It’s pretty much inconceivable that any new draft constitution won’t facilitate such a reversal, so putting down these kinds of markers is a bit superfluous—a matter of positioning or presentation rather than of substance. This doesn’t augur well. Even with the best will in the world on all sides, it will be extremely difficult to draft a constitution with support and legitimacy across Turkey’s various divides. If the government’s view is that this isn’t about the full constitutional package, but about securing the outcome it wants on its hot-button issue, then it’s game over before the drafting has begun.

Of course, it’s not just the headscarf that divides Turks. To take an example that has been Read the rest of this entry »

Learning not to trust? The OECD on Turkish education

In Society, Turkey on September 28, 2010 at 3:20 am

Earlier this month, the OECD published its latest annual survey of educational developments across its 31 member countries, Education at a Glance 2010. There are many gaps in the data relating to Turkey, but the picture that emerges is a familiar one: gradual improvement from a very, very low base. Less familiar are numbers relating to politics and trust, which I’ll come to shortly.

A broad sense of how far Turkey lags behind in terms of education can be gleaned from a key statistic outlining differentials in the duration of the schooling that’s provided to children across the OECD. In each country, the OECD assesses how many years of formal education 90 per cent of children can be said to receive. Across the 31 countries, the average is 13 years. In Turkey it’s just seven years. This is the lowest figure in the OECD; it doesn’t even meet the eight years of schooling that’s supposed to be required by law in Turkey.

To be fair, Turkey is not alone in falling short of its own legal requirements on length of schooling. But it is alone among all the OECD members in languishing in single digits—the second-worst country in the rankings (Chile) provides Read the rest of this entry »

Religion, money and violence: the attack in Tophane

In Islam, Society, Turkey on September 27, 2010 at 4:20 pm

It seems to me that two aspects of last week’s attack on a number of galleries in Istanbul’s Tophane neighbourhood warrant attention: the reasons behind the violence and the violence itself. (For a first-hand account of the attack, see Jen Hattam’s blog, while there are some typically informative comments to be found on Jenny White’s site.)

Many of the responses to and analyses of the attack in the days that followed focused on the reasons rather than the violence. A widespread initial assumption was that the attack was a flexing of conservative religious muscle. Whether prompted by alcohol being consumed on the street, or by alleged insults directed at women from the neighbourhood, the suggestion was that the attack was a response to the galleries’ perceived disregard or disrespect for the religious sensibilities of local residents.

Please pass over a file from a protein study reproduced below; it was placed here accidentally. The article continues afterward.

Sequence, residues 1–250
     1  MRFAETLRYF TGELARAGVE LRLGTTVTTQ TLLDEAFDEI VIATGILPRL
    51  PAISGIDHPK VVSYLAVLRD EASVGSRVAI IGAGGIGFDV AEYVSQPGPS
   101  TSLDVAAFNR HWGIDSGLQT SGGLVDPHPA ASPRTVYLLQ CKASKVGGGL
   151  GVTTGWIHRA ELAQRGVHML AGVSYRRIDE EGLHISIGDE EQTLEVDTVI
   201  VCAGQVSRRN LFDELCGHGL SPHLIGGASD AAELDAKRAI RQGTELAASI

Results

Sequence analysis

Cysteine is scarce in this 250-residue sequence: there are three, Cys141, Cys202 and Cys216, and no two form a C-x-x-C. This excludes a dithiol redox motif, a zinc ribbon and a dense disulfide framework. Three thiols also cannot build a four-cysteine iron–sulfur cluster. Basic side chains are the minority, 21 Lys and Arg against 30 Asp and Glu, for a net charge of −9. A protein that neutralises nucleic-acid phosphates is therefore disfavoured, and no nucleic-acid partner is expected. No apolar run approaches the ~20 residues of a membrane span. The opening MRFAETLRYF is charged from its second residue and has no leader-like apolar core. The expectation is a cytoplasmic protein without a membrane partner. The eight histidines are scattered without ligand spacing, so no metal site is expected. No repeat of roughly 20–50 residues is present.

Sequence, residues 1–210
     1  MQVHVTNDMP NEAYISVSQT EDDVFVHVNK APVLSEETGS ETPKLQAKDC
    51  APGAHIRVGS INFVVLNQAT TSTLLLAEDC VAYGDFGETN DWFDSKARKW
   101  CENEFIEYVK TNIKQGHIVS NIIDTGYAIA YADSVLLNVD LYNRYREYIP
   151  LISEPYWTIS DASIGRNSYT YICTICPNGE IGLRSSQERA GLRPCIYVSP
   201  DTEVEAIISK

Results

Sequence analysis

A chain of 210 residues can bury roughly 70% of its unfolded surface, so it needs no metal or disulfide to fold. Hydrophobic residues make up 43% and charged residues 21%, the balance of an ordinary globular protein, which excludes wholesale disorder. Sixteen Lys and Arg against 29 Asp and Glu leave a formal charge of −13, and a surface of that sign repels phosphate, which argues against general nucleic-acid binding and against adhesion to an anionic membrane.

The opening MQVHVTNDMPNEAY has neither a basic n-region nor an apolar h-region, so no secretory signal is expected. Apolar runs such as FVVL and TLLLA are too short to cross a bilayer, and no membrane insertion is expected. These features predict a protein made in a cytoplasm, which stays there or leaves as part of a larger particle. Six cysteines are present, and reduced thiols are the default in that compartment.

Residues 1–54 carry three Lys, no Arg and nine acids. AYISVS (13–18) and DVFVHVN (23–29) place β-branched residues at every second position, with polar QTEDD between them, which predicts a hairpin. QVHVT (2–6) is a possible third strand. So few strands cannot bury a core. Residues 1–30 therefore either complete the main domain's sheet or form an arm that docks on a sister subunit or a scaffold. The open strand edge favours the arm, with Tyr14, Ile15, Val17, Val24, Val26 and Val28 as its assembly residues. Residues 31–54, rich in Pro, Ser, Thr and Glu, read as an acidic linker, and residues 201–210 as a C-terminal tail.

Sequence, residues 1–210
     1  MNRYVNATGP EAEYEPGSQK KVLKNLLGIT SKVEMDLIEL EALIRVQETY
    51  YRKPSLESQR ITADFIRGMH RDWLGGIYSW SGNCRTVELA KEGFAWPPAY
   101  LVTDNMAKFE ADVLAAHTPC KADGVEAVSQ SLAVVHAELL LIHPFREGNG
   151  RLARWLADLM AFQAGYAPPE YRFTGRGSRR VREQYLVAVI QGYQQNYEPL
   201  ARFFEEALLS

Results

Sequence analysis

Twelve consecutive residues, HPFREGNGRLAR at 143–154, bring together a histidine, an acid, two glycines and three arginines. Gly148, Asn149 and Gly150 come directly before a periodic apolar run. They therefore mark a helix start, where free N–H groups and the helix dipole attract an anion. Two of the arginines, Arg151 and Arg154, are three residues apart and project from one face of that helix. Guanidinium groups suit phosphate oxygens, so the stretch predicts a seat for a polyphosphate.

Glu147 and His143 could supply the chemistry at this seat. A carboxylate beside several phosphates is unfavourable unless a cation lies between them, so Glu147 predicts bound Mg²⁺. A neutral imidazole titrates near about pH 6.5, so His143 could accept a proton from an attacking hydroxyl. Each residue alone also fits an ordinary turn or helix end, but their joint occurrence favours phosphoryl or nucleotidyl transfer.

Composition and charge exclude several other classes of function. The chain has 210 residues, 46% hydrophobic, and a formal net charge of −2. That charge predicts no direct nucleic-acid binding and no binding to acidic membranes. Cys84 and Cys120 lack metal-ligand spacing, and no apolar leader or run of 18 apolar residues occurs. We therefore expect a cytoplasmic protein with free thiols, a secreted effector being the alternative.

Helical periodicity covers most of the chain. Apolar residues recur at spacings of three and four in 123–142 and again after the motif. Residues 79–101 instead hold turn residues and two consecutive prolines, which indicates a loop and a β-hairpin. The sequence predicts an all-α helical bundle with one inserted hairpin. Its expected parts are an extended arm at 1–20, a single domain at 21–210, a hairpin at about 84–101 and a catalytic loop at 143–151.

For many, this religious explanation for the violence was to be understood politically as much as culturally. The attack came in the wake of the government’s referendum victory, which opponents had warned would lead to increasing assertiveness on the part of the AKP and its religious constituency. Many of those who voted ‘no’ Read the rest of this entry »

Turning a blind eye to poverty in the east

In Economy, Society, Turkey on August 15, 2010 at 9:26 pm

I followed up my recent blog post about TurkStat’s estimates of regional poverty rates with a piece in Today’s Zaman today. The core focus remains the same: the skewing of poverty rates in eastern Turkey that results from using separate regional poverty thresholds rather than a single countrywide one.

But the TZ article has a bit more space than the blog post did to place those regional details in a bit of broader context. It looks at trends in Turkish income inequality over the past 25 years, and also highlights the sharp difference between Turkish and OECD averages when it comes to the gap between poverty rates in households with and without children.

From the article:

By any measure, Turkey is an unequal society. One commonly used metric is the ratio between the income of the quintile (or 20 percent) of society with the highest income and the quintile with the lowest. In Turkey, in 2008, the lowest quintile had an average income of TL 2,427 while the top quintile averaged TL 19,560. That’s a ratio of just more than 8:1. The OECD average is nearer Read the rest of this entry »

A snapshot of Turkey’s health system

In Society on July 10, 2010 at 12:01 am

The OECD published its annual Health Data report at the end of June, providing a broad survey of conditions in the health systems of the organisation’s 31 member countries. Turkey continues to have the lowest level of per capita health spending among these countries, at US$767 in 2008. This is well below the OECD average of US$3,060, but hardly surprising given that Turkey also has the lowest GDP per capita in the OECD. However, Turkey also underperforms in relative terms, spending just 6.0 per cent of its GDP on health each year. This compares to an OECD average of 9.0 per cent—only Mexico devotes less of its economic resources to health, with a figure of 5.9 per cent.

The lower-than-average level of health spending in Turkey feeds through, as one would expect, to lower-than-average resourcing in its health system. In 2008, Turkey had 1.5 doctors per 1,000 of population, less than half the OECD average of 3.2. This discrepancy is dwarfed by its nursing counterpart—Turkey’s 1.3 nurses per 1,000 of population compare with an average figure of 9.0 across the OECD. Read the rest of this entry »